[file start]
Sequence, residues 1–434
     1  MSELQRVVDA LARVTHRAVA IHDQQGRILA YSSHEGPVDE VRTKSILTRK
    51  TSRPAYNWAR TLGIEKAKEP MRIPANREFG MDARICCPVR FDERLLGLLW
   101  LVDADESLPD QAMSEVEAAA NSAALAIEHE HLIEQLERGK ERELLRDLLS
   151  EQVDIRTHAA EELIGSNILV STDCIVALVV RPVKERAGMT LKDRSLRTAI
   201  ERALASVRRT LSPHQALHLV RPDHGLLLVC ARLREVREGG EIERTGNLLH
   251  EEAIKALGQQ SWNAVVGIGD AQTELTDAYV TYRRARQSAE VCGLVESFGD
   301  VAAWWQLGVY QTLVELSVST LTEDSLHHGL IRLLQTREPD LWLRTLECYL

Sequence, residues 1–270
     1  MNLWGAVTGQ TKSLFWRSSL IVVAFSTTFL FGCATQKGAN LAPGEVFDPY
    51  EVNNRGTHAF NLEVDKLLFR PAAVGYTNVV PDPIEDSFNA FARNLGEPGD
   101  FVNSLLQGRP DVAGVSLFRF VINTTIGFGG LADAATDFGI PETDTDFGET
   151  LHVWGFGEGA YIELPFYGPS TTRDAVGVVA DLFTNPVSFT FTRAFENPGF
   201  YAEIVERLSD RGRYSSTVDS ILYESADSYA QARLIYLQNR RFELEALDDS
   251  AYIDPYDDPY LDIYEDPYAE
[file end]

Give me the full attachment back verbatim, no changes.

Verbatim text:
Sequence, residues 1–434
     1  MSELQRVVDA LARVTHRAVA IHDQQGRILA YSSHEGPVDE VRTKSILTRK
    51  TSRPAYNWAR TLGIEKAKEP MRIPANREFG MDARICCPVR FDERLLGLLW
   101  LVDADESLPD QAMSEVEAAA NSAALAIEHE HLIEQLERGK ERELLRDLLS
   151  EQVDIRTHAA EELIGSNILV STDCIVALVV RPVKERAGMT LKDRSLRTAI
   201  ERALASVRRT LSPHQALHLV RPDHGLLLVC ARLREVREGG EIERTGNLLH
   251  EEAIKALGQQ SWNAVVGIGD AQTELTDAYV TYRRARQSAE VCGLVESFGD
   301  VAAWWQLGVY QTLVELSVST LTEDSLHHGL IRLLQTREPD LWLRTLECYL

Sequence, residues 1–270
     1  MNLWGAVTGQ TKSLFWRSSL IVVAFSTTFL FGCATQKGAN LAPGEVFDPY
    51  EVNNRGTHAF NLEVDKLLFR PAAVGYTNVV PDPIEDSFNA FARNLGEPGD
   101  FVNSLLQGRP DVAGVSLFRF VINTTIGFGG LADAATDFGI PETDTDFGET
   151  LHVWGFGEGA YIELPFYGPS TTRDAVGVVA DLFTNPVSFT FTRAFENPGF
   201  YAEIVERLSD RGRYSSTVDS ILYESADSYA QARLIYLQNR RFELEALDDS
   251  AYIDPYDDPY LDIYEDPYAE